Windows Presentation Foundation By Jayesh Chudsama


Applications = Code + Markup: A Guide to the Microsoft Windows Presentation Foundation
September 30, 2006, 8:01 pm
Filed under: Blogroll, Books & writing

Applications = Code + Markup: A Guide to the Microsoft® Windows® Presentation Foundation

Book by Charles Petzold

In this book, Windows programming legend Charles Petzold covers in parallel the two interfaces that make up the Windows Presentation Foundation (WPF).

From the outset, the reader can shift focus seamlessly between Extensible Application Markup Language (XAML) and C# to see them as flip sides of the same processes.

Beginning in the first chapter, Petzold presents the general syntax of the XAML and corresponding programming code with numerous illuminating examples on how the two correspond and interrelate.

The book builds on this base, providing the classic Petzold Windows user interface (UI) treatment, to show Windows developers how to create next-generation interfaces for their applications.

Learn how to :

  • Create and enhance controls including menus, toolbars, tree views, and list views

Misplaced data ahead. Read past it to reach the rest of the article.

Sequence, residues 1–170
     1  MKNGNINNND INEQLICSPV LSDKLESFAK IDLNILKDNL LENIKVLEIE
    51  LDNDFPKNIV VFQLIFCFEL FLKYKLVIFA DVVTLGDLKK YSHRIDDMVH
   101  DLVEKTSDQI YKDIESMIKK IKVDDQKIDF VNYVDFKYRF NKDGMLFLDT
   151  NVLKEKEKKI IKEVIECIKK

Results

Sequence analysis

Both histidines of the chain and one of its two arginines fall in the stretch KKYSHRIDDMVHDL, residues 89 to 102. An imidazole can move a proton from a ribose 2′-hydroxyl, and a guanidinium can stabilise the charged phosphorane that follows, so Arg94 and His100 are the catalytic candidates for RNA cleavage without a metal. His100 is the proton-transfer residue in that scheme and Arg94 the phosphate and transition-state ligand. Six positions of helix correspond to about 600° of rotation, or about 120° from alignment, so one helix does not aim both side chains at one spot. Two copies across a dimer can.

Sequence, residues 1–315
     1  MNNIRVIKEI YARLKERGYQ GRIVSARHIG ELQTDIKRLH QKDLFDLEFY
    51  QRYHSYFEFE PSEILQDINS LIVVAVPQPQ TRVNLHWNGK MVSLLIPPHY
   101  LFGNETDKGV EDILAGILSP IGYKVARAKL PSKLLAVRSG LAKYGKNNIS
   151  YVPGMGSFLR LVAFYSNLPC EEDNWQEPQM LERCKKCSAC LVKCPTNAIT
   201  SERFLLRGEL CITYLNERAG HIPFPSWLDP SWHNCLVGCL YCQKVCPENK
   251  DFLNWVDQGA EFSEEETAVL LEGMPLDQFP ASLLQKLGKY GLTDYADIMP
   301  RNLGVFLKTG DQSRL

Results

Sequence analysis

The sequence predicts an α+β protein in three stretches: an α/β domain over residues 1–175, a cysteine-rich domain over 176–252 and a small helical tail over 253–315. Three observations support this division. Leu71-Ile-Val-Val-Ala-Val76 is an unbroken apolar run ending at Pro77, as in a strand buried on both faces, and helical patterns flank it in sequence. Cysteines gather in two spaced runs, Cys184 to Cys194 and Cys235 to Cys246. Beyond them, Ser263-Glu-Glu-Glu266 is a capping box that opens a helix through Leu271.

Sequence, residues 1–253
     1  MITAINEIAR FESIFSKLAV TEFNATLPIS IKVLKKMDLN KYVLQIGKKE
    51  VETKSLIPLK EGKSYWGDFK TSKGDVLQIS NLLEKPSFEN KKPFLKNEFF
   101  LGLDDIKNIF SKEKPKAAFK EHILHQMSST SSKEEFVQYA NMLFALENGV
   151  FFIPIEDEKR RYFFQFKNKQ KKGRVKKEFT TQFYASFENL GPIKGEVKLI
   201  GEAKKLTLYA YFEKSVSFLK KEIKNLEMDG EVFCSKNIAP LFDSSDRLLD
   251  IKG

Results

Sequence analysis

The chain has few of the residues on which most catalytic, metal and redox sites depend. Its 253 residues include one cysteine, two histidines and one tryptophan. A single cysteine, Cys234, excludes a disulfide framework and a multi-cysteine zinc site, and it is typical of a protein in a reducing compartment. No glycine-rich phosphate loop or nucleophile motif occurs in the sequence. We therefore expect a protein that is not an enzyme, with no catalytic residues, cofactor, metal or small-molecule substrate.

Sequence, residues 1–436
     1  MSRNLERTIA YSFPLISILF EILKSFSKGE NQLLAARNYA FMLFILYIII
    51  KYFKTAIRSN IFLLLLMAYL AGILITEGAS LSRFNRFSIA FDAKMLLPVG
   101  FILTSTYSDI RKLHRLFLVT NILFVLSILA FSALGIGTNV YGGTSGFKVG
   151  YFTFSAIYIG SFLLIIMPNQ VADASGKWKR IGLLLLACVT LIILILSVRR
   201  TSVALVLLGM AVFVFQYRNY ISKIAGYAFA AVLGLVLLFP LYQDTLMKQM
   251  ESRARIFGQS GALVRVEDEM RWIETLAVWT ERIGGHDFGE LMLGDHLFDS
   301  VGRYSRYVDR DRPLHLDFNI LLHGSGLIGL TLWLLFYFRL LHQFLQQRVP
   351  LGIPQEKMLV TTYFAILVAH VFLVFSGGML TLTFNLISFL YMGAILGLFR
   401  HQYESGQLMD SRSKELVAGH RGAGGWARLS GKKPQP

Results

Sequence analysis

• Use dynamic layout to automate the positioning of controls and graphics
  • Work with dependency properties and routed input events
  • Use XAML resources, styles, and templates to alter the appearance of your UI
  • Use data binding techniques in XAML to help simplify and streamline your applications
  • Create and publish XAML Browser Applications
  • Develop visually-stunning UIs with interactive graphics, media, and animation

Topics covered:

The application and the window
Basic brushes
The concept of content
Buttons and other controls
Stack and wrap
The dock and the grid
Canvas
Dependency properties
Routed input events
Custom elements
Single-child elements
Custom panels
ListBox selection
The menu hierarchy
Toolbars and status bars
TreeView and ListView
Printing and dialog boxes
The notepad clone
XAML (rhymes with camel)
Properties and attributes
Resources
Windows, pages, and navigation
Data binding
Styles
Templates
Data entry, data views
Graphical shapes
Geometries and paths
Graphics transforms
Animation
Bitmaps, brushes, and drawings

 

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